When you suspect that someone close to you is suffering from some form of mental challenge, being there in any way possible for them can be a life-changing experience for both you and your friend.
With the ever-evolving world of mental illnesses and the impact they are making throughout our daily lives from mass shootings to domestic abuse, there couldn’t be a more important time to raise awareness, eliminate the stigma, and support those in need.
One of these conditions of “brain pain” that affects new parents typically within the first three months but up to a year is postpartum depression. PPD is a mood disorder that can affect both the mother and father through a range of emotional and physical symptoms.
While a majority of new parents may go through the “baby blues”, these symptoms only last up to two weeks. PPD lasts longer and requires a stronger network of intervention and support.
The trouble that most people who are affected by mood disorders face is that they feel alone, guilty, and ashamed of what they are going through. These difficult emotions make it hard for people to speak out and seek support. This emphasizes the importance of friends stepping in and showing up for that person.
Often overlooked and not discussed enough, friends can play a massive role in shortening the duration of PPD, easing the severity of symptoms, and helping with seeking treatment.
How to recognize signs of PostPartum Depression in a friend
I believe everyone should have a general understanding of mood disorders to help with awareness, education, and support.
While this is a tall order to ask for, being able to recognize a change in mood, shift in attitude, or a different demeanour in your friend is the first step in acknowledging there could be a mental illness present.
At this point, education becomes critical in understanding the symptoms that your friend is showing and what they may be related to.
As this article is aimed at supporting a friend with PPD, the underlying purpose can be applied to any situation with a mental condition.
Here are some common signs to look out for with postpartum depression:
- Significant mood swings: Very obvious sadness, depression, and crying
- Loss of interest– they no longer enjoy things they once did or have any interest
- Overly irritable: Becoming easily agitated at small issues that typically would not bother them in the past
- Social withdrawal: Not wanting to interact with friends and family, noticeable symptoms of isolation
- Overwhelmed: Frequently overwhelmed with daily tasks accompanied by the new responsibility of parenting
- Anxiety: They express deep concerns over the health and safety of the baby and are constantly worried about them
- Guilt and worthlessness: They blame themselves constantly and feel inadequate at their new role of parenting
How to help a friend with PostPartum Depression
Now that we have covered some common symptoms of PPD, what’s next?
How can someone who recognizes a significant mood shift accompanied by a slew of symptoms and help a friend with PostPartum Depression?
One place to start is with the acronym ALO. Ask, listen, and offer support. This is a simple yet effective way of showing you care and are there for them in whatever way possible.
We don’t need to overanalyze and complicate things when just being there for a friend who is struggling with a mood disorder can be the most beneficial thing at that time.
Pretending that nothing is wrong and they will snap out of it could create a bad chain of reaction resulting in a longer recovery time.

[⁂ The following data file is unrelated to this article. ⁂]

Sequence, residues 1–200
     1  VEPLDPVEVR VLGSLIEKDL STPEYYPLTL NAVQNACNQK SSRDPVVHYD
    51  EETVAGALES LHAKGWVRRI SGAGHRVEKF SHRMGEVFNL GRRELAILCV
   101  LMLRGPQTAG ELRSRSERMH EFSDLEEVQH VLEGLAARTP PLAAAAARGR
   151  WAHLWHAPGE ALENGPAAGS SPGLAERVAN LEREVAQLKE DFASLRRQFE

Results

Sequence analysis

Choosing the right time and place
As you have educated yourself and have a basic understanding of PPD, finding a good time and place to confront your friend is critical. Pick a comfortable location, outdoors even like a park to have a conversation with your friend about what you are noticing.
Empathetic and non-judgmental listening
Let your friend know that you are here for them no matter what and validate their feelings through non-judgmental listening. Tell them it is okay that what they are going through does not define who they are and with the support they will overcome it.
Encouraging open communication
Initiating an honest line of communication from the beginning will help break down the walls of insecurity that your friend may be feeling with their PPD. If you have struggled with emotional challenges as well, let them know that so they feel they are not alone in their battle.
Providing reassurance and validation
As mentioned before, validating their feelings will help them appreciate that they are not defined by what they are experiencing and will soon get through it. Reassuring them you are there and will be there can make a huge difference in their perspective on overcoming PPD.
Putting yourself in their shoes can provide a deeper connection for you to understand their pain and help them work through it.
Offer Practical Help
Here’s how you can offer practical help:
Assisting with daily chores and tasks
Offering to chip in with cleaning the house, filling up a car with gas, or even mowing the lawn may seem like a small favor to you, but could provide a tremendous amount of relief for your friend who is already overwhelmed with the emotions they are experiencing.
We all know how the “to-do list” can nag at us with even the smallest things, imagine struggling with PPD on top of it! No offer is too big or small at this stage, and sometimes just the thought is enough for your friend to know they are not alone and have a supportive and caring companion by their side.
Babysitting and childcare support
Lack of sleep can be a significant factor in some cases of PPD. Becoming a new parent can be daunting and finding the time to rest can be almost non-existent.
Providing support through watching your friend’s baby for a couple of hours so they can catch up on sleep or just relax will benefit them greatly.
Even making this a weekly responsibility on your end at the same time of day on certain days can help regulate and schedule a positive sleep pattern for everyone.